A majority of Mylan NV (MYL) shareholders on Thursday, June 22, voted against the EpiPen maker's executive pay proposal, a major blow to the company's C-Suite.

The stinging negative vote comes after a shareholder group launched a "just vote no" campaign urging fellow investors to vote against Mylan's executive pay packages and against six company-nominated directors in an uncontested election. Mylan said all directors were re-elected. However, until the details of the votes are disclosed it is unclear whether a large minority of shares opposed the incumbent directors, as many expect. A two-third

The activist shareholder group included New York City's Comptroller's Office, on behalf of New York City Pension Funds and in partnership with New York State Comptroller Thomas P. Napoli, the California State Teachers' Retirement System and Dutch pension manager PGGM.

"By failing to disclose the voting results during today's shareowner meeting, Mylan's board telegraphed that directors faced strong opposition," New York City Comptroller Scott M. Stringer said in a statement on Thursday.

The total votes will be filed in the company's 8-K as is its practice, according to a Mylan representative. Companies are required to file an 8-K with the results within four business days.

Stringer added: "It's clear why shareowners rejected the company's excessive pay package and are calling to overhaul the board."

Mylan said in a statement following the annual meeting that it appreciates shareholders' "continuing support of the Mylan Board, which has overseen the development of a differentiated, clear and consistent long-term strategy that has created sustained long-term growth and value for shareholders, while also serving the interests of other stakeholders."

As for the outcome of the vote on the "say-on-pay" proposal, the drug company said that as discussed in this year's proxy statement, the board has considered feedback from shareholders over the past few years "in designing a simplified executive compensation program intended to drive continued execution, while aligning compensation with company performance and long-term shareholder value and other stakeholder interests"

Mylan dealt another blow.
Mylan dealt another blow.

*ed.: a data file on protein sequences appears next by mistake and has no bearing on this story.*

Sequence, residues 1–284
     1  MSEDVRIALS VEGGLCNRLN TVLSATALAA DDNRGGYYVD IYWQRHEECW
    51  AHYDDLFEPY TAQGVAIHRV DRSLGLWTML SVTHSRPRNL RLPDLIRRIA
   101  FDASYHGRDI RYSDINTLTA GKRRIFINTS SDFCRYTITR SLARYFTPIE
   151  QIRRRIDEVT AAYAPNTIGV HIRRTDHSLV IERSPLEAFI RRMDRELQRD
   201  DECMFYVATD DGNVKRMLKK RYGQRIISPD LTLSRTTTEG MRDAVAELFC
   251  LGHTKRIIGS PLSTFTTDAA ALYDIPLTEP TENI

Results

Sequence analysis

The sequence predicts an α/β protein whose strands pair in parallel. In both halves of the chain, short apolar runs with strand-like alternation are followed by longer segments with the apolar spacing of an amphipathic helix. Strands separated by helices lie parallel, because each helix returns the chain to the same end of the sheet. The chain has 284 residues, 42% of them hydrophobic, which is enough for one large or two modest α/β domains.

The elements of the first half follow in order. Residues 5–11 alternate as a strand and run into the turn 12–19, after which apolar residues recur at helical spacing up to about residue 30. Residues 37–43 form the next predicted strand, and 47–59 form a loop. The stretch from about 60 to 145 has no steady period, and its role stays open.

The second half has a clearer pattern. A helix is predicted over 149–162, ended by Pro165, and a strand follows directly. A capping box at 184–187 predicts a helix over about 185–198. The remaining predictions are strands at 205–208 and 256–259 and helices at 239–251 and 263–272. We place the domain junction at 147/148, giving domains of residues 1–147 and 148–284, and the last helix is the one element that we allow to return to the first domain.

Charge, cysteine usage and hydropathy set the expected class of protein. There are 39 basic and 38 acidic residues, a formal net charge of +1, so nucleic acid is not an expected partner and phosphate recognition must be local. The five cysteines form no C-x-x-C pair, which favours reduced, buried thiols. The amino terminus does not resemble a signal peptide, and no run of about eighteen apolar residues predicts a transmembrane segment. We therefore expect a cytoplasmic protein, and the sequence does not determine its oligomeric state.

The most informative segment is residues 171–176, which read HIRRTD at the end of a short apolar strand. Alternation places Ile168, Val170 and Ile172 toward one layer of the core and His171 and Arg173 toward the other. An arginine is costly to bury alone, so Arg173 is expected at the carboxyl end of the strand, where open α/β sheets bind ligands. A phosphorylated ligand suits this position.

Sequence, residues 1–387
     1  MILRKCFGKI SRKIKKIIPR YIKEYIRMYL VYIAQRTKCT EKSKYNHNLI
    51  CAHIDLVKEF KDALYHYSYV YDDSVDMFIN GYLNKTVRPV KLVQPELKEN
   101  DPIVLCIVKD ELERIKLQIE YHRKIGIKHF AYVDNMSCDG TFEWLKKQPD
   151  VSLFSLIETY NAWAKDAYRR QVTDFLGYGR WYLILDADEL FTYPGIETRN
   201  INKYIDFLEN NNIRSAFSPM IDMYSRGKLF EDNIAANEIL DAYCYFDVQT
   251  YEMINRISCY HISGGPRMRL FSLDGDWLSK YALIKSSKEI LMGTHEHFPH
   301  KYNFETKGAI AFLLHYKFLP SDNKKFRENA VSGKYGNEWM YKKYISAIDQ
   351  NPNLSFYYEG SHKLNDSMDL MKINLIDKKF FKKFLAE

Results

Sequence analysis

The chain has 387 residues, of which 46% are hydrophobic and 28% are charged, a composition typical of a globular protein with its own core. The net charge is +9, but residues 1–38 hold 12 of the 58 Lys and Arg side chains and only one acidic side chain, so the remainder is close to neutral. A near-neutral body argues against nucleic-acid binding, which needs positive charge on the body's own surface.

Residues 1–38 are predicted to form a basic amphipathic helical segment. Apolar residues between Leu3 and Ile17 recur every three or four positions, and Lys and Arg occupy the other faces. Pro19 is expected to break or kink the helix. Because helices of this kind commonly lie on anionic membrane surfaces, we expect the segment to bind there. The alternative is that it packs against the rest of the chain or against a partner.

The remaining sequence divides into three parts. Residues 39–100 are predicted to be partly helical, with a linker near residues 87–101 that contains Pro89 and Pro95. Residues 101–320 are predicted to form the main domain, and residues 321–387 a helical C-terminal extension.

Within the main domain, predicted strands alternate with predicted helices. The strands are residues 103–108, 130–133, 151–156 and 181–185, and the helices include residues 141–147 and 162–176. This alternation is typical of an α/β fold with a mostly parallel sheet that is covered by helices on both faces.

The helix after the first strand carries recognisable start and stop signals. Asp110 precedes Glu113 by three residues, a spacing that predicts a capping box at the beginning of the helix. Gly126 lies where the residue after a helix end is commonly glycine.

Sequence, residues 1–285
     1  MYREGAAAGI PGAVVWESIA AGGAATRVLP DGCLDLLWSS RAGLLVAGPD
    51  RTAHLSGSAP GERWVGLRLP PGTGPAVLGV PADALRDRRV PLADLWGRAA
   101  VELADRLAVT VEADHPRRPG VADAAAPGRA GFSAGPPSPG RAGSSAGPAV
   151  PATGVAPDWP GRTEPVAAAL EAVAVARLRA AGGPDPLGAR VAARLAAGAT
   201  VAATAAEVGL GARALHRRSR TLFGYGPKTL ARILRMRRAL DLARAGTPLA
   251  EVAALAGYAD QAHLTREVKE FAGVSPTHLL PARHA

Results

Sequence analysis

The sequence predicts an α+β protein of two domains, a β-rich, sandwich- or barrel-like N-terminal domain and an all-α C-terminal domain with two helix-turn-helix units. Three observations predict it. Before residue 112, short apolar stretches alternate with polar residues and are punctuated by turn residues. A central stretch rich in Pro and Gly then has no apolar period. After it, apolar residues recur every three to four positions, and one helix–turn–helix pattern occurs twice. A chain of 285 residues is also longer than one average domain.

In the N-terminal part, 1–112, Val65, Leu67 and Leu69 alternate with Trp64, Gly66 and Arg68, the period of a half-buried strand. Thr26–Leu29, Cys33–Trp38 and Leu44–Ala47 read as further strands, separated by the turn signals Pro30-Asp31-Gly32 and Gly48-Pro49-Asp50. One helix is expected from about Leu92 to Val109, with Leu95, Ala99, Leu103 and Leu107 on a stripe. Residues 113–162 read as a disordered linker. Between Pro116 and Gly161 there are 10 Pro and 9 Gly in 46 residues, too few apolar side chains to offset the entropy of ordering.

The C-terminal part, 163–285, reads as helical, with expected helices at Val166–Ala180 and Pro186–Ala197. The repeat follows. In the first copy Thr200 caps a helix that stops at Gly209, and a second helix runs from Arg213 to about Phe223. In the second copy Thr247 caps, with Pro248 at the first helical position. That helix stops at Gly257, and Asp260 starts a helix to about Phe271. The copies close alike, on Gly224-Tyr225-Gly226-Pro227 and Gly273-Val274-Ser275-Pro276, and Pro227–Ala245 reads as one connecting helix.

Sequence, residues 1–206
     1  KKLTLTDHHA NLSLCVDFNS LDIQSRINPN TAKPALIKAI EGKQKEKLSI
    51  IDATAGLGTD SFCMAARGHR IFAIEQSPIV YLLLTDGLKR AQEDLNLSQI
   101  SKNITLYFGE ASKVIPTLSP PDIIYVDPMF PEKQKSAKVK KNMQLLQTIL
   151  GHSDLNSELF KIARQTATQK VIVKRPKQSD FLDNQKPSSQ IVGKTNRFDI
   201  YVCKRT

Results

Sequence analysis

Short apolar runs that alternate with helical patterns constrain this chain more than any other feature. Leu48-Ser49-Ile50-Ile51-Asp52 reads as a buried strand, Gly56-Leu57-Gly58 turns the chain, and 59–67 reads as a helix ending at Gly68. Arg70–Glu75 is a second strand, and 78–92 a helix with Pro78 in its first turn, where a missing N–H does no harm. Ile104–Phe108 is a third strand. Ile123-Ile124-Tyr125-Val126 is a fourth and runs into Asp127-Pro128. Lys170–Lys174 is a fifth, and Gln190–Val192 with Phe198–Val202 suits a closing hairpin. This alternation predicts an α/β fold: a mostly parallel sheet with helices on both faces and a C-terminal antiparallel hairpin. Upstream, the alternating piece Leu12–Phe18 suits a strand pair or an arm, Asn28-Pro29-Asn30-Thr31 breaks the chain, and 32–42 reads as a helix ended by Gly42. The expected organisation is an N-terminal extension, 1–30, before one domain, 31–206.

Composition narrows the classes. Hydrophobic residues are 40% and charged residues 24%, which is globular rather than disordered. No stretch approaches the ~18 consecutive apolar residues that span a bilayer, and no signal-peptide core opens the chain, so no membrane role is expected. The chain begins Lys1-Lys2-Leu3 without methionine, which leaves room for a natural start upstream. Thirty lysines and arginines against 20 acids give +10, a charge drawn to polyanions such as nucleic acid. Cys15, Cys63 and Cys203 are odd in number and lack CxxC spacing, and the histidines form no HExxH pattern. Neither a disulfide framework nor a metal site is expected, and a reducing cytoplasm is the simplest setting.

"The Compensation Committee and Board of Directors will carefully consider these results, as well as future shareholder input, as we continue our investor outreach and in designing our compensation programs going forward," Mylan said.

Shares of Mylan were trading at $38.84 on Friday morning, up 1.5%. The company has a market capitalization of $20.97 billion.

Earlier this month, investor advisory firm Institutional Shareholder Services Inc. recommended that Mylan shareholders vote against ten directors, including chairman Robert Coury. Another shareholder advisory firm, Glass, Lewis & Co. LLC, recommended that shareholders vote against three directors that served as members of Mylan's compensation committee during the past year.

Mylan came under public scrutiny last year when it was revealed that many uninsured patients had to pay approximately $600 per two pack of EpiPen, which is used to treat severe allergies and anaphylaxis.

The company has worked to remedy these problems, making changes to how it prices EpiPens and offering patient assistance programs. In December, the company launched a generic version of EpiPen.

Also last year, it came to light that EpiPen had been misclassified for years by the Centers for Medicare and Medicaid Services as a generic, which allowed Mylan to receive bigger rebates from the government. Mylan in October agreed to the terms of a $465 million settlement with the Department of Justice and other government agencies.

-- Ronald Orol contributed to this report

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